In the meantime, Joe and his friends begin to look around on their own, and they discover where the crime may have taken place. Eventually, he and his father realize that the crime was almost certainly committed by a white man. The perpetrator has a long history of crimes, but he has never been convicted of them. As they investigate further, they discover that the crime against Geraldine is even bigger than they had imagined, involving two other innocent females, now missing.
Joe, despite his drive to catch the criminal, is still a child, and his empathetic father wants to protect him as much as possible. Joe, however, is obsessed with getting his mother “back,” determined to find and punish the rapist on his own. These tensions add drama and meaning to the novel, and Joe’s contacts with others, both in his family and outside it, expand the scope. The sweat lodge ceremony is described, the extortion of elderly Indians by a white-owned supermarket on Indian land is detailed, the raucous and sexy (and hilarious) talk of elderly family members is recorded, the “flirting” of a stripper living with Joe’s uncle is tension-filled and emotional, the appearance of ghosts to Joe, and the efforts of a local priest, a former soldier who was injured in Lebanon in 1983 in the attack on the U.S. Embassy, are all described to powerful effect, keeping the interest and involvement of the reader at high pitch.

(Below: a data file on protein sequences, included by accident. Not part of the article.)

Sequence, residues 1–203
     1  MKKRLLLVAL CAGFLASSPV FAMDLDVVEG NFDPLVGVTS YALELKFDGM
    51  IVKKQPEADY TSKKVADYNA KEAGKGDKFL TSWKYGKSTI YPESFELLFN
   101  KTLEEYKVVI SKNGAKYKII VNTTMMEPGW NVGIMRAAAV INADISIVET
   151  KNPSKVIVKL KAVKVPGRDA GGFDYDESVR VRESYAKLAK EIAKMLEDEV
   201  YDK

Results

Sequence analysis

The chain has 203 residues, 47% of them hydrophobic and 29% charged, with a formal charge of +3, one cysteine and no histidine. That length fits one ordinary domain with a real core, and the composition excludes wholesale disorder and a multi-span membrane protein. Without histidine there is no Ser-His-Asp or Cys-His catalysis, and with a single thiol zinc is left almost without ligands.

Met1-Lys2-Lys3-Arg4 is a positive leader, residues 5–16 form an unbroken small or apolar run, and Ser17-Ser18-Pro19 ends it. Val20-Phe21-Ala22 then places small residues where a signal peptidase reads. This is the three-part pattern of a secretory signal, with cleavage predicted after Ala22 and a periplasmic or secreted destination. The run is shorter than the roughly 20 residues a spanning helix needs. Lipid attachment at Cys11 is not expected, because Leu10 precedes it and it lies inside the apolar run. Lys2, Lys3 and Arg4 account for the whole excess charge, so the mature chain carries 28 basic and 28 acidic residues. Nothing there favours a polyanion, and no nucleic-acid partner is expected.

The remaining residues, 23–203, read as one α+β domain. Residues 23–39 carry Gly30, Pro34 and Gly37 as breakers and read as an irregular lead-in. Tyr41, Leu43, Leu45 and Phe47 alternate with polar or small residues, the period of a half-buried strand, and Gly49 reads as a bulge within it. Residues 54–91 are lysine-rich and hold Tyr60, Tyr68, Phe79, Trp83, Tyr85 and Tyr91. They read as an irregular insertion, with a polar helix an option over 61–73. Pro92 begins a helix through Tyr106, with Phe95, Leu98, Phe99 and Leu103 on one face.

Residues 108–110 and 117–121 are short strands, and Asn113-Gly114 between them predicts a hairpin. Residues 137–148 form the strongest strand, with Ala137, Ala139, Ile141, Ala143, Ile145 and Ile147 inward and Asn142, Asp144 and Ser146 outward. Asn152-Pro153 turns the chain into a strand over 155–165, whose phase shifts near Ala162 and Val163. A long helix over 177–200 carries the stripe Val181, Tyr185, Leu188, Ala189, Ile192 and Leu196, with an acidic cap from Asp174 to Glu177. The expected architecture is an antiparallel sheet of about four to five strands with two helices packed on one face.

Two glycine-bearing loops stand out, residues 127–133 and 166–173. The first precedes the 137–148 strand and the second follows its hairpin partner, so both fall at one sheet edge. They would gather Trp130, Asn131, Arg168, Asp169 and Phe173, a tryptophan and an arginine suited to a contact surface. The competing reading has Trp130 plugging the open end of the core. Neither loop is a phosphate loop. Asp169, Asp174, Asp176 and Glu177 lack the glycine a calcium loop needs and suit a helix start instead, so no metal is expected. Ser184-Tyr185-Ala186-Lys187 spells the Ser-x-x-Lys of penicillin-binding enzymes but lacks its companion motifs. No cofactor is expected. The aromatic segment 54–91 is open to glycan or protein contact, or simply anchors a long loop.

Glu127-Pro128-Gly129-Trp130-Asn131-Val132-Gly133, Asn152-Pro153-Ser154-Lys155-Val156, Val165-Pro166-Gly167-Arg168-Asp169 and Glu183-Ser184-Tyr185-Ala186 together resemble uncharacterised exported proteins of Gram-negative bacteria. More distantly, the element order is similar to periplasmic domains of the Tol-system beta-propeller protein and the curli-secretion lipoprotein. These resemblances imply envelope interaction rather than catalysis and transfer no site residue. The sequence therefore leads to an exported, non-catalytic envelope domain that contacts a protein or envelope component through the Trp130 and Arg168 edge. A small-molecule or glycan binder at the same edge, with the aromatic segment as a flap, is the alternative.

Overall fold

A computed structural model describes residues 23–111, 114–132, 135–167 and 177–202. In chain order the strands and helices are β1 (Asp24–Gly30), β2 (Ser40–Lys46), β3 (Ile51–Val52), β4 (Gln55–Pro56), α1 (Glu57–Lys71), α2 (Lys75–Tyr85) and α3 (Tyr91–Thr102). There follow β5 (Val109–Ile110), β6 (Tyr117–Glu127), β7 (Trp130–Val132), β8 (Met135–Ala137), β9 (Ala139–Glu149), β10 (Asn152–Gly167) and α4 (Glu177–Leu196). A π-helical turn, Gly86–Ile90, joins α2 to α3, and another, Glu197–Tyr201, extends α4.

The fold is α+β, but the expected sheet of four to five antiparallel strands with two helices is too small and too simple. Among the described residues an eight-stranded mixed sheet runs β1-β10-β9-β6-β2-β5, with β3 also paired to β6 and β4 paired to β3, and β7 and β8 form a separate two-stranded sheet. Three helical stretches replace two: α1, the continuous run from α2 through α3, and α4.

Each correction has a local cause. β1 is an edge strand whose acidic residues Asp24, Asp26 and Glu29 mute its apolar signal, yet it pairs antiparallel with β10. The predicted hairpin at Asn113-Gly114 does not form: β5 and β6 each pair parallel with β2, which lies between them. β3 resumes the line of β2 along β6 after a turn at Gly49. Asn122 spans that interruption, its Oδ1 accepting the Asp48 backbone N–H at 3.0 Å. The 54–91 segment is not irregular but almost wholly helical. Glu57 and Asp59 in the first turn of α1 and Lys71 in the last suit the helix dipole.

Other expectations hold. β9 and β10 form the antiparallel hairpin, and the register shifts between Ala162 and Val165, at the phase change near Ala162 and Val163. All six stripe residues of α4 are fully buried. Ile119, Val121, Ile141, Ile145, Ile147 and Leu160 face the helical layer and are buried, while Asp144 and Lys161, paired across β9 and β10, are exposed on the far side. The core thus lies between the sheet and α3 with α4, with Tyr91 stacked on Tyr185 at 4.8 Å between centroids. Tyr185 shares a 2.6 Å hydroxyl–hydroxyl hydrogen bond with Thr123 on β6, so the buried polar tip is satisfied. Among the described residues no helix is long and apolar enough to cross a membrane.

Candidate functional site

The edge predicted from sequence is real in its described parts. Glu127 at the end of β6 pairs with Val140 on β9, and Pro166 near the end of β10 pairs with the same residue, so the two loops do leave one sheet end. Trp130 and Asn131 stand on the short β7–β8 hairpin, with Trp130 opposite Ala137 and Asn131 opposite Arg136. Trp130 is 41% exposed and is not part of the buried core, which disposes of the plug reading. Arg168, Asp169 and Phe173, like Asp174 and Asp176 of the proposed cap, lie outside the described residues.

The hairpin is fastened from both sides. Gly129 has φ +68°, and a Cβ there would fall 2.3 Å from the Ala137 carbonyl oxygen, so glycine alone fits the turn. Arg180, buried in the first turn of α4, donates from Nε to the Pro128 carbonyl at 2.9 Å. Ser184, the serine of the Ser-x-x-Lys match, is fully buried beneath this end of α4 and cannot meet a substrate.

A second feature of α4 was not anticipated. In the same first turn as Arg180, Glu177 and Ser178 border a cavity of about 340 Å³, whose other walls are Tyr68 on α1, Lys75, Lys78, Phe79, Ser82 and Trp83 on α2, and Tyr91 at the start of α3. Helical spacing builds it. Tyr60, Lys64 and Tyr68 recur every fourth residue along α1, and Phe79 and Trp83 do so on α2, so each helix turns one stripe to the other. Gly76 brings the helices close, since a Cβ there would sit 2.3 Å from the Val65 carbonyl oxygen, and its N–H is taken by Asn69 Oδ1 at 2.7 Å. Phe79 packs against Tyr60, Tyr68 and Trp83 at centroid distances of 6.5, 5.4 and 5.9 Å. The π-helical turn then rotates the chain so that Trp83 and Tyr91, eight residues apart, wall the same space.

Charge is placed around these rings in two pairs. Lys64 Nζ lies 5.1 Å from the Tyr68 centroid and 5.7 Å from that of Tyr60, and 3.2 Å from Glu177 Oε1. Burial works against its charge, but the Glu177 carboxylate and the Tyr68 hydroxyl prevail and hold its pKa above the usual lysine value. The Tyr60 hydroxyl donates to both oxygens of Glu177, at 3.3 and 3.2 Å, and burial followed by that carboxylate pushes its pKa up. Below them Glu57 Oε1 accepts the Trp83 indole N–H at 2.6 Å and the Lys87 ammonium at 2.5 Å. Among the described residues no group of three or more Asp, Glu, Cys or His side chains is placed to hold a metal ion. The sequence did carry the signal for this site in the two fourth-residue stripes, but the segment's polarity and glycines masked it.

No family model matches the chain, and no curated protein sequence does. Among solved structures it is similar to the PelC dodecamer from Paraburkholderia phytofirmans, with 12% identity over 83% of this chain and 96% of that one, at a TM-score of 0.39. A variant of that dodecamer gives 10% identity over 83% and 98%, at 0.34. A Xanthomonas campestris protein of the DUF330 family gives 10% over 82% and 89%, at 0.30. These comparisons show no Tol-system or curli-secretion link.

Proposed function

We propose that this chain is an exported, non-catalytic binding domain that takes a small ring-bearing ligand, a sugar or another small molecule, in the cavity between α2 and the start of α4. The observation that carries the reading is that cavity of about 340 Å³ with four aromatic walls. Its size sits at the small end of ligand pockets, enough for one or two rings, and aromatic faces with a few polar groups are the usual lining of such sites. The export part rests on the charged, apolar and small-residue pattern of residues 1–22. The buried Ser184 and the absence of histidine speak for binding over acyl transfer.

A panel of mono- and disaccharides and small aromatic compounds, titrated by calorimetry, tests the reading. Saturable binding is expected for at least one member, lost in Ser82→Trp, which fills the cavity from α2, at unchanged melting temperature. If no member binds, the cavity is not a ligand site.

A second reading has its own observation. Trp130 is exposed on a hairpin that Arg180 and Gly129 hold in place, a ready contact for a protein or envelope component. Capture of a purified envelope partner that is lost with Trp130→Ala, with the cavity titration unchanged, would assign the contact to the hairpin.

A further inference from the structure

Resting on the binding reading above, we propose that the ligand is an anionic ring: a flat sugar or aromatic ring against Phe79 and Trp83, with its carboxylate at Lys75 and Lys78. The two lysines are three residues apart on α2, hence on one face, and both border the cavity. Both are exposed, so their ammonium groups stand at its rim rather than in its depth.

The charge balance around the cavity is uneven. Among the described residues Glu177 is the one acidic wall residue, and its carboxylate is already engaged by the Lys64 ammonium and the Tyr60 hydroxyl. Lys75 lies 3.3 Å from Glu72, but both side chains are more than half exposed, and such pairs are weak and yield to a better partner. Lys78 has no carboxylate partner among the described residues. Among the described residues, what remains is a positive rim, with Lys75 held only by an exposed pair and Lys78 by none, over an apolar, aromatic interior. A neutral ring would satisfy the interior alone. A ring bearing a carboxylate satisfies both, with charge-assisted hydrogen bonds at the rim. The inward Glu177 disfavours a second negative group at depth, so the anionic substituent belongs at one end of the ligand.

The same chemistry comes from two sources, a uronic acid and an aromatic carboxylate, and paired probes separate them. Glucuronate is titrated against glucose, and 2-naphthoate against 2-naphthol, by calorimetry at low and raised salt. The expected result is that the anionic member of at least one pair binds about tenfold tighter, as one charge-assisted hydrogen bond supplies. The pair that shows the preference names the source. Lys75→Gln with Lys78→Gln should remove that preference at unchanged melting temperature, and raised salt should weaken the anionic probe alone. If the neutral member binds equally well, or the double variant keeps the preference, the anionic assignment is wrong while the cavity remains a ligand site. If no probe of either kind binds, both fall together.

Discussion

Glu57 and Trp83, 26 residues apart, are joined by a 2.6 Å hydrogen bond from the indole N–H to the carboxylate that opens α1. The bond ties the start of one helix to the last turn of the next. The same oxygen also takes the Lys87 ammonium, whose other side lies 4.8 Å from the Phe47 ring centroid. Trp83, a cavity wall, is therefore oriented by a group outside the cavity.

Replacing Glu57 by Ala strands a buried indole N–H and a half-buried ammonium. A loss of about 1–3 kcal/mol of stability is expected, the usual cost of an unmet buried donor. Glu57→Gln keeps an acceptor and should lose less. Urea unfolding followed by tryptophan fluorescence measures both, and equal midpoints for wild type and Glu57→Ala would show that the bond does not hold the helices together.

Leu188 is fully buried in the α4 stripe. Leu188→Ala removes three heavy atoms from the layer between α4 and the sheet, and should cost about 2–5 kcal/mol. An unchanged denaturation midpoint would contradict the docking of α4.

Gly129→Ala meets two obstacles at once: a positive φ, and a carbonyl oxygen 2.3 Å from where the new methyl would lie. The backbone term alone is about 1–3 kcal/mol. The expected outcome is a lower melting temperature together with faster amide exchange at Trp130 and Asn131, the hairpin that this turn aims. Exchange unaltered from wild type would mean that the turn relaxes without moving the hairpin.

Joe’s own search for peace eventually takes him to the lake and an almost magical episode with a heron, one of the sacred animals to him, while the story of Nanapush and Mooshum and the Old Buffalo Woman, telling them to build the round house, add character and depth to the narrative. Many side stories, some of them very funny, fill in the thematic elements, and the conclusion is unforgettable, complex and loving, however filled with terror. Erdrich, wisely, never lets her reader forget that Joe and his friends are very young teenagers, their mistakes, some of them serious, those of naivete, innocence, and the belief that justice just HAS to prevail if the world is going to be a place they want to inhabit.